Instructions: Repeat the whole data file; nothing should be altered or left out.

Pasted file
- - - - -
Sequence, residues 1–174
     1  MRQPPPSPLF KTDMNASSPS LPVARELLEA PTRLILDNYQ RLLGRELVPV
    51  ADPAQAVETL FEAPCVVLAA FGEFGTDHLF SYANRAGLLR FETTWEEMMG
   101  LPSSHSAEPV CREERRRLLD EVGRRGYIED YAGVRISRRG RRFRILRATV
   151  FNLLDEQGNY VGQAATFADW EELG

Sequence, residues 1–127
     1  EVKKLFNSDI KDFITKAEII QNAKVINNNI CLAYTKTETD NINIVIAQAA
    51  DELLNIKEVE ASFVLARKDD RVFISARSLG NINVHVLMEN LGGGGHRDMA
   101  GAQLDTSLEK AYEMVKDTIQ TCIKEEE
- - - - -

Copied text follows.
Sequence, residues 1–174
     1  MRQPPPSPLF KTDMNASSPS LPVARELLEA PTRLILDNYQ RLLGRELVPV
    51  ADPAQAVETL FEAPCVVLAA FGEFGTDHLF SYANRAGLLR FETTWEEMMG
   101  LPSSHSAEPV CREERRRLLD EVGRRGYIED YAGVRISRRG RRFRILRATV
   151  FNLLDEQGNY VGQAATFADW EELG

Sequence, residues 1–127
     1  EVKKLFNSDI KDFITKAEII QNAKVINNNI CLAYTKTETD NINIVIAQAA
    51  DELLNIKEVE ASFVLARKDD RVFISARSLG NINVHVLMEN LGGGGHRDMA
   101  GAQLDTSLEK AYEMVKDTIQ TCIKEEE